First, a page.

Thursday, September 8, 2011

Confessions of an Online Banking Novice

I sometimes participate in focus group discussions (FGDs) – hey, the money’s good for simply giving up a little bit of your time to easily talk about your thoughts and opinions (without the compulsion and pressure in recitations) and there’s even food sometimes! Anyway, I was recently invited to take part in an FGD on online banking. I failed to qualify, however, because I don’t really do online banking. And I realized that I really preferred it that way. It’s so hard for me to fathom the thought of having that information and control of my finances available at my fingertips and, possibly, others’. It just seems so risky and scary. I know that this information is probably available over the internet anyway, but only within the bank’s secure network and only to the authorized employees of the bank (or so we’re made to believe). And, even though the information is supposedly only made available to me (again, through a secure network), the fact that it’s available to someone outside the bank itself increases the risk of it being accessed by someone else. And we’re talking about actual money here. So I think that my fears are somewhat rational.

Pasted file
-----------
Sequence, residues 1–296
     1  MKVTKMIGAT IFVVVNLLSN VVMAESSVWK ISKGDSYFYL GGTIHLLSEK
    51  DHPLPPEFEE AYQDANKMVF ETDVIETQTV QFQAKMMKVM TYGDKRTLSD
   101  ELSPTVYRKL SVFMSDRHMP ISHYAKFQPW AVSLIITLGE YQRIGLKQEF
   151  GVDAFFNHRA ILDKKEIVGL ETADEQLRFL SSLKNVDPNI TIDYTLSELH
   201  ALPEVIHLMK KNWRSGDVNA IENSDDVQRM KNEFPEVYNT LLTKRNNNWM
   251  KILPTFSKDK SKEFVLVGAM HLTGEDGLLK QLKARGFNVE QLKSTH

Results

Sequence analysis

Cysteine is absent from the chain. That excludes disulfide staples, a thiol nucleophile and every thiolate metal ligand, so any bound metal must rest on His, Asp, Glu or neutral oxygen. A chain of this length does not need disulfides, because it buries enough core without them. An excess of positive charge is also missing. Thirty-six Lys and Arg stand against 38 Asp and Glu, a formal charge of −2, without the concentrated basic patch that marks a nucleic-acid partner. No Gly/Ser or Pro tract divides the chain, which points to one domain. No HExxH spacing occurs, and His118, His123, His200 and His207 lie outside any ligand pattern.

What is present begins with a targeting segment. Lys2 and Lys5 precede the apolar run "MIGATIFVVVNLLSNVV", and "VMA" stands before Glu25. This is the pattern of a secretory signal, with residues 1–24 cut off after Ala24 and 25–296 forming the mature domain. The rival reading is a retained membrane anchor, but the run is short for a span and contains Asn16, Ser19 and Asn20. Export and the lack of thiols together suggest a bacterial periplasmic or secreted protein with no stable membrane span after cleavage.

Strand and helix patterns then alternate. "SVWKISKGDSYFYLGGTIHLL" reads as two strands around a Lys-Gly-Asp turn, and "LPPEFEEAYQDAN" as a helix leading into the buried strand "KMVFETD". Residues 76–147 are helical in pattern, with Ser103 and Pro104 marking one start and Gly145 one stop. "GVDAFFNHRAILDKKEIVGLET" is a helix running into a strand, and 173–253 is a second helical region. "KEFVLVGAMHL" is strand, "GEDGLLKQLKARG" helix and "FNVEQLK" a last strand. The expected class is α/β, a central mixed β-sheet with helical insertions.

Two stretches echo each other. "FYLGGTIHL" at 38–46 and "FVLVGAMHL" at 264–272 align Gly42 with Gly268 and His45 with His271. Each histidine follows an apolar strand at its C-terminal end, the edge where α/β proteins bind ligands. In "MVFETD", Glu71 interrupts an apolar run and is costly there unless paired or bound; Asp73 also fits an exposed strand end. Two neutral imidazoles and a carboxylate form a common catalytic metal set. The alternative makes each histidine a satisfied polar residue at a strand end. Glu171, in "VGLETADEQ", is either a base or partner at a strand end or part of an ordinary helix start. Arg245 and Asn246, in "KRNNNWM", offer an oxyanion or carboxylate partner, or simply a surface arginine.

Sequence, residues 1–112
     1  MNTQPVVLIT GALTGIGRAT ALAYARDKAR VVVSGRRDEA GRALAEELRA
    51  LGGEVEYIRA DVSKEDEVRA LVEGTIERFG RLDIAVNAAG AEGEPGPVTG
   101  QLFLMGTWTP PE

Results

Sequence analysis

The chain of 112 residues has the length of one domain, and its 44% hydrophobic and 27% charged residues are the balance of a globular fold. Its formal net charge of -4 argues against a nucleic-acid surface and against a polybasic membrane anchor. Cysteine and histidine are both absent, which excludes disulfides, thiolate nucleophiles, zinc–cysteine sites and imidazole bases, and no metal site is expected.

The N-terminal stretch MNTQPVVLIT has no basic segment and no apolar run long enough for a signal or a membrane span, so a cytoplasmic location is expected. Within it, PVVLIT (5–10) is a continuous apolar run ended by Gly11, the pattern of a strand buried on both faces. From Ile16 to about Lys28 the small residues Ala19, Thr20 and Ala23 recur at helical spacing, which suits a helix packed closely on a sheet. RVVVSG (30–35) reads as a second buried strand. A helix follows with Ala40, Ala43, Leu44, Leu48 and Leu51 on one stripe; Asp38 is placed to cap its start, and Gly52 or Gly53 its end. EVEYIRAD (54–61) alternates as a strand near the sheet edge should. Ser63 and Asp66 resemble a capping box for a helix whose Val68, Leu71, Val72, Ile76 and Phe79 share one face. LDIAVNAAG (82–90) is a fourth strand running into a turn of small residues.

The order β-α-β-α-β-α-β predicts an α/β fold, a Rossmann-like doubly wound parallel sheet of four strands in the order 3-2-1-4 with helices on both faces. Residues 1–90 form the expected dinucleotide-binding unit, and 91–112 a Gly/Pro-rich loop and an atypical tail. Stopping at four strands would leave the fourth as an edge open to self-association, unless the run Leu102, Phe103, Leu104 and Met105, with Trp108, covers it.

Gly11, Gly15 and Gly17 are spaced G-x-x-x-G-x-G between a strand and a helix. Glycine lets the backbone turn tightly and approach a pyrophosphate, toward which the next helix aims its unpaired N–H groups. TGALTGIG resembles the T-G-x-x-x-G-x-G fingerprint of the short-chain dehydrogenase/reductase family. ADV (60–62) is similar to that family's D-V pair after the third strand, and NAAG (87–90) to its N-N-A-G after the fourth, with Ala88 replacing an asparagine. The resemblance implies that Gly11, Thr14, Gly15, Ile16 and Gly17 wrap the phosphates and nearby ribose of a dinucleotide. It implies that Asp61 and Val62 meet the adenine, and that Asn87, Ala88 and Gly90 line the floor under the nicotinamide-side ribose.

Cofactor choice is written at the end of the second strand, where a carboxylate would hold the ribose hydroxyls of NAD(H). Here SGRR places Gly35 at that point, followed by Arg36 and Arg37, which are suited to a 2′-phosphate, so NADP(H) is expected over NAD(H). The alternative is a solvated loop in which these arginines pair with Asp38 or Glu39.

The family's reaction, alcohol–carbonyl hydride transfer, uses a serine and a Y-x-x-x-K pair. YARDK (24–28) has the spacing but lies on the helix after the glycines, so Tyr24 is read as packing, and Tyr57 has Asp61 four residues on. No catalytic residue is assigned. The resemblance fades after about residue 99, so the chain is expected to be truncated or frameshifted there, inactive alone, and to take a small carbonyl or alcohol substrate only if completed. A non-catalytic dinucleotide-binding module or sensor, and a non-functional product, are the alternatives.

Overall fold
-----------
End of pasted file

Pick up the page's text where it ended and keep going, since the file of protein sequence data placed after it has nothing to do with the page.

I know that products of ICT have also caused the world of finance to involve i.e. ATMs, credit cards, debit cards, and what not. But these processes still seem safer because you still possess a means of physical control over a step in the process, which is the processing of the card. In online banking, I also know that I still retain control over a step in the process, in the entry of passwords. But it just seems less tangible and, thus, makes it seem more easy to overcome (even though I, myself, have no clue how to do it).
But, maybe a time will come when this service becomes so much more convenient to use that the benefits of using it will far outweigh the risks and the fear that comes with it. It’s just like learning to ride a bike…but I’ll keep the training wheels on for now till I’m more comfortable with dealing with the fear of falling.

Aldous Benjamin Camiso, Blog Entry #12.
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